By Oleg volk
Everybody likes compact, quiet, accurate rifles, but at least two of these requirements run into NFA regulations. Paul Reavis of Gear Head Works, the maker of Tailhook pistol braces, came upon a partial solution to this while pondering stripped Remington Model 7 receivers back in 2014. Building an M700 action (receiver+bolt+trigger) into a pistol got around the 16-inch barrel and 26-inch overall length requirements for non-NFA rifles. Of course, most rifle cartridges aren’t particularly efficient from short barrels, but .300 AAC Blackout (7.62x35mm) developed specifically for shorter weapons and sound suppression is a notable exception, especially with heavy subsonic bullets. Thus, the concept of the One pistol was born.
Set up with a 9-inch 1:7 twist barrel, this pistol achieved most of the possible velocity while improving accuracy. Short, stubby barrels are quite rigid. Using a manual action maximized the effect of sound suppressors, since no high pressure gas escaped from any-where except the well-baffled bore. The test pistols proved accurate, thanks in part to the excellent trigger. To stabilize the gun, Paul made versions using his side-folding reversible Tailhook and collapsible Tailhook Two braces. The folding variant fit into a small Vertx® backpack, while the mostly plastic collapsible version reduced overall weight by about 0.4 pounds. The guns were as quiet as the various suppressors could make them, ear-safe with subsonic ammunition. Having tested the concept extensively, Paul produced a larger batch using more commonly available Remington 700SA receivers. Priced at $1650 for the standard models, these pistols all came with threaded muzzles, a choice of Cerakote finish and a 10-round AI magazine. A single-feed magazine was selected to ensure consistent cartridge position every time. Upgrades to fluted barrels and the custom finish were available with the online configuration manager. The entire run sold out immediately.
Testing one of these pistols with a Silencer-Co suppressor explained their popularity at once. A fraction over 6 pounds with the silencer attached, these pistols are short enough to be handy but long enough to give good control with two hands. Between gas braking of the silencer and the good heft for a pistol, felt recoil is minimal. The ergonomics work out well, and the only remaining question is: Is the accuracy worth the effort?
Launching a much thinner 220-grain projectile at a slightly greater velocity, .300 Blackout starts with energy similar to 45ACP but retains a useful portion of it further downrange. It’s also much less susceptible to wind drift than the pistol bullet and can be quieter due to smaller exit aperture. And, most importantly, the Gear Head One pistol achieved sub-MOA results with some subsonic ammunition. As is common with .300 Blackout guns, One shoots better with some loads than with others. The absolute winner is Sellier & Bellot 220gr at just over 0.5MOA unsuppressed. With the particular suppressor used for the test, it opened up to 1.75MOA.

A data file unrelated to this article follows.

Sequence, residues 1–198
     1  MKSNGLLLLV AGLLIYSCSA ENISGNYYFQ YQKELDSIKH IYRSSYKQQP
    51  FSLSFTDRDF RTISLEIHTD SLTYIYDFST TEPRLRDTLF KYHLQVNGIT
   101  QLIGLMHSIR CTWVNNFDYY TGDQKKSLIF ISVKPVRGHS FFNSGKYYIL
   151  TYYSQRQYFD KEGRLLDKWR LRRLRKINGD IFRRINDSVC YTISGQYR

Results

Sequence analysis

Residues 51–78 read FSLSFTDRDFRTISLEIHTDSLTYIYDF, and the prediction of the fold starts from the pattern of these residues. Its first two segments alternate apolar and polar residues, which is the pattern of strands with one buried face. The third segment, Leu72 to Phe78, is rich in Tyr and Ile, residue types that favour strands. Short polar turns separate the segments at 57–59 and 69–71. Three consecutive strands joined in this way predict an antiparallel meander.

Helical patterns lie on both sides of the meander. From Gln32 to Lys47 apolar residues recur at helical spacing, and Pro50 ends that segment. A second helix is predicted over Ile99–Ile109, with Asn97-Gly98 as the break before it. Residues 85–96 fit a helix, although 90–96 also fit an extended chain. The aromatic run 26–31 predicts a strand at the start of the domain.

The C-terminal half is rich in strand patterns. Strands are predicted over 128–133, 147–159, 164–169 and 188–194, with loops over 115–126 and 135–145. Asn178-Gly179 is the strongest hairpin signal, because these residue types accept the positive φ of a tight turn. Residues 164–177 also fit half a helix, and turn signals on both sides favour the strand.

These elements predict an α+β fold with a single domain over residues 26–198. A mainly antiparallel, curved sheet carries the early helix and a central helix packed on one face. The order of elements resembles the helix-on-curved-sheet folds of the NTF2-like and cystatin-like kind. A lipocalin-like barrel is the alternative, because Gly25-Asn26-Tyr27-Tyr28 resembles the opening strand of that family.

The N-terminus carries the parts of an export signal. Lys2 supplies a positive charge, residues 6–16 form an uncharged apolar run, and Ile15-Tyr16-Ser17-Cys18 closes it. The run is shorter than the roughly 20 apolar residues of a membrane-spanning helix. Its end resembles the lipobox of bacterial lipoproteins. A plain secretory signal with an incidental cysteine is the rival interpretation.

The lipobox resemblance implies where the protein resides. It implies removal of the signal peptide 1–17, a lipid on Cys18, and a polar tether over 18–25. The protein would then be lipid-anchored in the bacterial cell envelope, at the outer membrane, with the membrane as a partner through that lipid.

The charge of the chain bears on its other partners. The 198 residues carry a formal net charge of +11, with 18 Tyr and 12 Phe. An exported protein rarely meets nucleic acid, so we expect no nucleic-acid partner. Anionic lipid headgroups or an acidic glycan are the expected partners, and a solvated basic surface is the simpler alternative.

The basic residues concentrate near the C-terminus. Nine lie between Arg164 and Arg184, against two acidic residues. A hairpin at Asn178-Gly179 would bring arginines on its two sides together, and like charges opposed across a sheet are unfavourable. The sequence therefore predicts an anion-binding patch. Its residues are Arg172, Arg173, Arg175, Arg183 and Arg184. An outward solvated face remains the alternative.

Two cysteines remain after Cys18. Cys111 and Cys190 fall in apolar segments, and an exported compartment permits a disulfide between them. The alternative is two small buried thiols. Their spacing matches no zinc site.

Suppressed, Gorilla Ammo sub-sonics won at 0.75MOA. Plain 150gr American Eagle FMJ grouped 1.5MOA. Some other loads produced groups in the 3 to 5MOA range—an issue I’ve found with many guns in this caliber: accuracy depends considerably on the combination of barrel and muzzle device. Test various loads in your pistol and find what works the best and stick to it! It’s also worth trying the pistol with more than one sound suppressor, both for accuracy and to gauge the amount of sound reduction relative to the added weight. If only subsonic ammunition is used, lighter suppressors intended for 9mm would work at the cost of a slight reduction in attenuation due to the slightly wider opening around the .308-inch projectile. The great variety of ammunition available in .300 Blackout, from 110 to 220 grains, makes certain that several kinds would work well. For example, all-copper expanding projectiles tend to be long for the weight, stabilizing well with the fast 1:7 twist.
The chassis, not available separately, is the key to the performance. It’s made of machined aluminum, with the barrel free-floated. The standard 700 safety is at the top right of the receiver but can still be reached with the index finger. The bolt travel is short enough to retain the cheek weld on the brace tube. With the brace folded and suppressor removed, the 19.25-inch pistol fits into most laptop bags. For comparison, a completely disassembled Henry AR-7 is 16.5 inches long. The gun can be handled like a conventional high power pistol for short range using the open brace wrapping around the forearm and either a red dot sight or a green laser for aiming.
Great to Shoot
One pistol is a child of regulatory compliance and opens up a number of uses normally reserved for traditional handguns. For example, the One is legal for some handgun hunting—check the local regulations about the bore size and sound suppression just in case. It is a legal pistol for carry though that would fly in the face of both practicality and tradition. Its primary niche is field use where bulk and weight are limited by air, motorcycle or backpacking considerations. Thanks to its short length, One balances better than most hand-held long guns and provides accurate use off-hand or with field-expedient support, making it also desirable for everyday use. And there’s one other use for this pistol: shooting for fun! It’s one of the most pleasant firearms in handling, with an excellent 4-pound trigger, mild recoil, minimal report and great balance.
|This article first appeared in Small Arms Review V23N6 (JUNE/JULY 2019)|